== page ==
Fabricating a response: Explore, engage, and evaluate

    The “Fabricating Response…” assignment was designed to demonstrate the connection between technology, literacy, visual arts, and social studies. The 3D printing project engaged prospective teachers in a collaborative, semi-guided inquiry activity. As part of their inquiry, they were asked to design an “artifact” that signaled their response to Francisco Jimenez’s The Circuit: Stories from the Life of a Migrant Child (University of New Mexico), one of the central young adult texts in the course. We centered our literary inquiry on the topic of immigration, and used 3D modeling and printing technologies to discuss the politics of design. In essence, we explored how responding with the visual arts could enhance, affect, and/or reject student’s responses to a text.

    Figure1 copy

    Spanning three class meetings, the project followed a three-phase model of explore, engage, and evaluate. During the explore session, prospective teachers became familiar with 3D printing technologies and software such as Tinkercad (see figure above). In this phase, our conversations focused primarily on integrating children’s and young adult literature in the social studies curriculum. After discussing central themes of The Circuit, we examined what it may mean to crystalize our understanding of these themes through materials. Prospective teachers used an array of materials (e.g., rocks, tempera paints, pipe cleaners, etc.) to respond (see figure below). This introductory class session was critical to building an understanding of how elements of design (i.e, color and texture) led to both literal and metaphorical responses to The Circuit’s plot.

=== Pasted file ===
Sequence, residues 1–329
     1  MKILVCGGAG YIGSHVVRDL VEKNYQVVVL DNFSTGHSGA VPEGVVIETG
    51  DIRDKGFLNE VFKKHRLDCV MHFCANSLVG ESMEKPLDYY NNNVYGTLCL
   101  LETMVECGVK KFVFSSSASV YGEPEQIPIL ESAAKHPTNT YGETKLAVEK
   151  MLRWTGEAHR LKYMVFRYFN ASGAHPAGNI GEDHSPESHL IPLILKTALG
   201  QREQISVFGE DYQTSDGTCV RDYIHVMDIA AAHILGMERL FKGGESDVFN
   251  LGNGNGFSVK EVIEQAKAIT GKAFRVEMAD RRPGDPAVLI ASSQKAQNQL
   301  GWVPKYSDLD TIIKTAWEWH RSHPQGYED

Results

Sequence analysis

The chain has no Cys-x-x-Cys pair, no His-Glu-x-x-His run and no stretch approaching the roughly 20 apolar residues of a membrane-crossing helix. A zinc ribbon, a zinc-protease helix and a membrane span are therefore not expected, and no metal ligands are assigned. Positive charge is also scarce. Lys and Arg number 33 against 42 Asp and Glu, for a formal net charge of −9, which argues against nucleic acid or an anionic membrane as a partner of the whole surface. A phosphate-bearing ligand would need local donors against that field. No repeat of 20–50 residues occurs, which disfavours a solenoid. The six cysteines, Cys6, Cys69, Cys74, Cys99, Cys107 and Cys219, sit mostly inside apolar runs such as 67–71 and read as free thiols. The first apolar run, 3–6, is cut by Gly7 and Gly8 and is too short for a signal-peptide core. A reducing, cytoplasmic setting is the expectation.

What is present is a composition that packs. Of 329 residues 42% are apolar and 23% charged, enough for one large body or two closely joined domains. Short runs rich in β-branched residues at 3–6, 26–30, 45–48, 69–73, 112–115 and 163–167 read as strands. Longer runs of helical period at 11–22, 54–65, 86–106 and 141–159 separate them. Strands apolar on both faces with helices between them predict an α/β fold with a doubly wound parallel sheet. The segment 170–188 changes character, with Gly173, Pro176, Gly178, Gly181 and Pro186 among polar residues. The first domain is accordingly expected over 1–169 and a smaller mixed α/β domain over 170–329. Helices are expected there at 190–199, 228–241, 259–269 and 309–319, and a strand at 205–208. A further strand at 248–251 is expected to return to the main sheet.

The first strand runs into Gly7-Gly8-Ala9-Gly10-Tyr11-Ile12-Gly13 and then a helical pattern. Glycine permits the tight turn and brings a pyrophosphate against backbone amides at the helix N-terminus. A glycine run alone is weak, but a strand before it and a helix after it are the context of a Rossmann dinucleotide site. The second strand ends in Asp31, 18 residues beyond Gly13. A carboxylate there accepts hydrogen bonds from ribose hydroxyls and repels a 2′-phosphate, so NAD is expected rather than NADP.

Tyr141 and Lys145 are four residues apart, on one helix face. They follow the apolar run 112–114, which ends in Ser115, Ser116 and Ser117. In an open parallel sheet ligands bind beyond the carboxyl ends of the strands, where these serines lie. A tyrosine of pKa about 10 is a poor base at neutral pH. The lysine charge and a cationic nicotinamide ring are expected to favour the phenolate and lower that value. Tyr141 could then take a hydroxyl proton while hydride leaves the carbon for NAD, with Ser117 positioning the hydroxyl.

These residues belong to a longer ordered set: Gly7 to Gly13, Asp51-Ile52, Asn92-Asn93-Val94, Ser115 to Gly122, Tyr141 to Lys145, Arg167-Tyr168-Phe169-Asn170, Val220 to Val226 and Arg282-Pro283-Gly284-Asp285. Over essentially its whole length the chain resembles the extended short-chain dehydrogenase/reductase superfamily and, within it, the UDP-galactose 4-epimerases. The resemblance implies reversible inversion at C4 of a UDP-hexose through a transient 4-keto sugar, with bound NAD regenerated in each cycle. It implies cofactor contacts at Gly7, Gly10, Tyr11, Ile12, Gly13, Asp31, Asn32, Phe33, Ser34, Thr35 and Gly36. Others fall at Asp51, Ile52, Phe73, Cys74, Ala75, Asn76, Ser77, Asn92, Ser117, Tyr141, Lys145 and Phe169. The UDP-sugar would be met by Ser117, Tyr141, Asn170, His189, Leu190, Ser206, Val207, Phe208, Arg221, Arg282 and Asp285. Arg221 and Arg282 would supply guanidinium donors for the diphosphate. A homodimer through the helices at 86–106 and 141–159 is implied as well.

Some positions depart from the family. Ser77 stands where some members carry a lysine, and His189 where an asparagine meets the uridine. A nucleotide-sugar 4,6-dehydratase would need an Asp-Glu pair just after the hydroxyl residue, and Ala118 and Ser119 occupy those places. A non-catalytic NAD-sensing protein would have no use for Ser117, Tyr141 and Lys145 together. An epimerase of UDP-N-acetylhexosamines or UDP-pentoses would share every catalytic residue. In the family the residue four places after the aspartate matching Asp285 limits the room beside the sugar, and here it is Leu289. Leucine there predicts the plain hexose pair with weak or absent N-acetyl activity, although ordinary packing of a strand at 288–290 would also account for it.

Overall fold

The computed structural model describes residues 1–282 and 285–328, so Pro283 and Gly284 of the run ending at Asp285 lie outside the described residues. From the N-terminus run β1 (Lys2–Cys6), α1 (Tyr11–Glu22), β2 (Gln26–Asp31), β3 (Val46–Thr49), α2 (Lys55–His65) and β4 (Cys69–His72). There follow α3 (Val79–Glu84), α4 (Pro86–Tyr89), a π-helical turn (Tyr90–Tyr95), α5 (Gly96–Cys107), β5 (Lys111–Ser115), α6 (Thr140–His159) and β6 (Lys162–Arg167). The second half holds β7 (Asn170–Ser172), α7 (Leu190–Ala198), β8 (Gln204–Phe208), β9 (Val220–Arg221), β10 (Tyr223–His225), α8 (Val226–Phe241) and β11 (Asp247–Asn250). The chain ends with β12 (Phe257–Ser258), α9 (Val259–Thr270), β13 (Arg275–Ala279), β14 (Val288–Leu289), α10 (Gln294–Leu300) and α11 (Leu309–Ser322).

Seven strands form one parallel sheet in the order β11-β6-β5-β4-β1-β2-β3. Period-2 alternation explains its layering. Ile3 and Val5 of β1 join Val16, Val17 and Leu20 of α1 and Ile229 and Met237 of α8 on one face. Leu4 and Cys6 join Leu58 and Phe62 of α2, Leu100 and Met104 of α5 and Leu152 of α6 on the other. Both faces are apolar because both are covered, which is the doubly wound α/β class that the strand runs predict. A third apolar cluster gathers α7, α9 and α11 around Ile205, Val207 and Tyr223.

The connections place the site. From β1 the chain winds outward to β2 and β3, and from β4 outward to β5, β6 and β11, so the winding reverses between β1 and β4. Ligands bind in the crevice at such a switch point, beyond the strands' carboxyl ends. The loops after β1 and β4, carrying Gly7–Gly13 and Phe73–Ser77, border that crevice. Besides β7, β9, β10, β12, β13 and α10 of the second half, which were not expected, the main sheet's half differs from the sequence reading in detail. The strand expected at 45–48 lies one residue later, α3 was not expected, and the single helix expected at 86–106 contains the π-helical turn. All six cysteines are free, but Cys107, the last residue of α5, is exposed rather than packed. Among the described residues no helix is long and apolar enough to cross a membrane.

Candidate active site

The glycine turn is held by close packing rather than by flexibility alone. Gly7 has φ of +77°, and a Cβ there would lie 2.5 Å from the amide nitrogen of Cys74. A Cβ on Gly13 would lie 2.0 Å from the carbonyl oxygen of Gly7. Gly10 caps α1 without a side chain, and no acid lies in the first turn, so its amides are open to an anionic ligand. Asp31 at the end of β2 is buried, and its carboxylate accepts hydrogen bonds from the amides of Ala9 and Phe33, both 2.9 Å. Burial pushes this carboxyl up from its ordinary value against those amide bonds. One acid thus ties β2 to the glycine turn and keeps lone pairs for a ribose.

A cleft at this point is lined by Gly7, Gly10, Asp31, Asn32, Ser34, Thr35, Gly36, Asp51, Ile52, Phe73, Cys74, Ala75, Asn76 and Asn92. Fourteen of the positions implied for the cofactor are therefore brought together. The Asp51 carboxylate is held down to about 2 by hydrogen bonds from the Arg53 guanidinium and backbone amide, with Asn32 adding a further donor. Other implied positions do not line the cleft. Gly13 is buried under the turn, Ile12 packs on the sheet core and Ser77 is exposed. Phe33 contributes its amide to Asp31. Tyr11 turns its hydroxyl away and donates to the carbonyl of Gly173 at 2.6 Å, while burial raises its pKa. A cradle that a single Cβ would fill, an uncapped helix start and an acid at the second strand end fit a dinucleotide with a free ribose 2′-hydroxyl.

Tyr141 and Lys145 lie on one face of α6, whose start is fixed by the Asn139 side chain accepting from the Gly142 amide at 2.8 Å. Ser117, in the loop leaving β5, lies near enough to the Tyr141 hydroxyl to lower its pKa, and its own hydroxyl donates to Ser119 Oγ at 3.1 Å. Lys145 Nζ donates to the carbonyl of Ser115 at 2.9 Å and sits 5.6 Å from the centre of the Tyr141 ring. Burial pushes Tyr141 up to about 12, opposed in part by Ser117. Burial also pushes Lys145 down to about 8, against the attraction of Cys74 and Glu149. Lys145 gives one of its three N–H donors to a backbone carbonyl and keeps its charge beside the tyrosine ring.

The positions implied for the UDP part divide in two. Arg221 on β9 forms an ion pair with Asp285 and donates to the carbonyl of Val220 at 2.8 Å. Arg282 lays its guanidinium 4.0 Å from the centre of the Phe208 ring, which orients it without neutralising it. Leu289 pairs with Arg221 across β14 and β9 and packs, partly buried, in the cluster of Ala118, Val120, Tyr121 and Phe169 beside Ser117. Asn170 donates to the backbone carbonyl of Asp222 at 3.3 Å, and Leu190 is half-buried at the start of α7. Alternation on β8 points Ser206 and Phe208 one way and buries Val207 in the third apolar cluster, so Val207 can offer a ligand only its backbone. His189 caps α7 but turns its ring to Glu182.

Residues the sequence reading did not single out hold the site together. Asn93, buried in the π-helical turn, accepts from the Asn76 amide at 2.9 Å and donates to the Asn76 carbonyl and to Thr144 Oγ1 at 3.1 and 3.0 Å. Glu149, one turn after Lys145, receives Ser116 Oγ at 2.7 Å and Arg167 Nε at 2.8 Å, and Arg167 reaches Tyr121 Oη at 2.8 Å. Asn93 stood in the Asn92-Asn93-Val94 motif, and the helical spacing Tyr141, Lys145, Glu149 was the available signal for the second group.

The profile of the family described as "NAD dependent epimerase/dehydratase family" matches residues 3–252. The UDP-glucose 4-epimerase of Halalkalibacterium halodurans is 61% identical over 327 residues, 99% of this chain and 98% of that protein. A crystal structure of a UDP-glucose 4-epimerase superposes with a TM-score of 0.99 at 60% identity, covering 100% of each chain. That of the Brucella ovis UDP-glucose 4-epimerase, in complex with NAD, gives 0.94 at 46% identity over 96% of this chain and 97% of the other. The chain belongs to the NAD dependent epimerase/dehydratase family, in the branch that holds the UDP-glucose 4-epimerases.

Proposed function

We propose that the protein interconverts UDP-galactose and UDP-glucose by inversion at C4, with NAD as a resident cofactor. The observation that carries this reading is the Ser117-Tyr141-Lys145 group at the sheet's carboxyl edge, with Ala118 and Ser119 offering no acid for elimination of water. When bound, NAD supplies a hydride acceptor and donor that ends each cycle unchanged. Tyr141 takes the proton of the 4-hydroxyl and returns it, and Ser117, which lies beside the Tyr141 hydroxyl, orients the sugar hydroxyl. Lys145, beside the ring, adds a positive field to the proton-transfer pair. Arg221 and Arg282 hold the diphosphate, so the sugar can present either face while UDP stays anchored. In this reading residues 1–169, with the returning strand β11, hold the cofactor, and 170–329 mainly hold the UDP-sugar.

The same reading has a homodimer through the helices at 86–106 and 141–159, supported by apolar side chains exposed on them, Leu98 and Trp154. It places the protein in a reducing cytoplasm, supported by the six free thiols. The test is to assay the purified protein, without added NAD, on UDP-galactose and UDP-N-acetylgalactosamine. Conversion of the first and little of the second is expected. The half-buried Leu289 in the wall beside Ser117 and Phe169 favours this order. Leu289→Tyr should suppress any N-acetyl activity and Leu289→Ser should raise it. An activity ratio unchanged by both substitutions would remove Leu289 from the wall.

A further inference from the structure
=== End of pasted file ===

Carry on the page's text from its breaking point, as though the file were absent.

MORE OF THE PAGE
During the engage phase, prospective teachers worked in grade-level teams to both discuss the focal text and prototype their design using cardboard (see below). Our discussion in this session focused on understanding the politics of response as design. With a goal of having three prototypes to share during the last phase, prospective educators brainstormed numerous possibilities. As expected, students were less familiar with the technical elements of 3D printing. As a result, they were drawn toward third-party sites like Thingiverse to remix and remediate user-produced designs.


    In the third and final phase, students staged and evaluated their group’s 3D artifacts. Using a variety of critique protocols and strategies (e.g., Visual Thinking Strategies), we collaboratively talked across the affordances, constraints, and tensions of fabricating response. Working with mixed media, prospective teachers were asked about their responses as they detailed the artifact’s purpose and possible reception. After this final in-class session, students returned to their prototype designs and revised them for the final time. Afterward, students submitted the final TinkerCad file and used the 3D printers to print their designs in class.

    So, what? Why 3D print?

    As we discovered, most students worked toward the prepared goals of multimodal design. In other words, designing the 3D artifact merely encouraged students to reproduce the knowledge they received during the instructional activity. TinkerCad was a means to an end, rather than an iterative tool to disrupt or otherwise challenge traditional ways of thinking about design and literary response.

    Conceptually, however, fabricating response illuminated the material conditions of ideology and the politics of arts-integrated response. In other words, what students designed signaled their attitudes concerning the recent rhetoric surrounding the Mexico–U.S. border wall and beliefs about immigration. Prospective teachers used the available tools of design to construct a 3D artifact that conceptually detailed personal responsibility (e.g., an empty classroom with a single chair knocked down) over a pertinent topic and theme (e.g., immigration and the inequitable education for migrant youth) in The Circuit.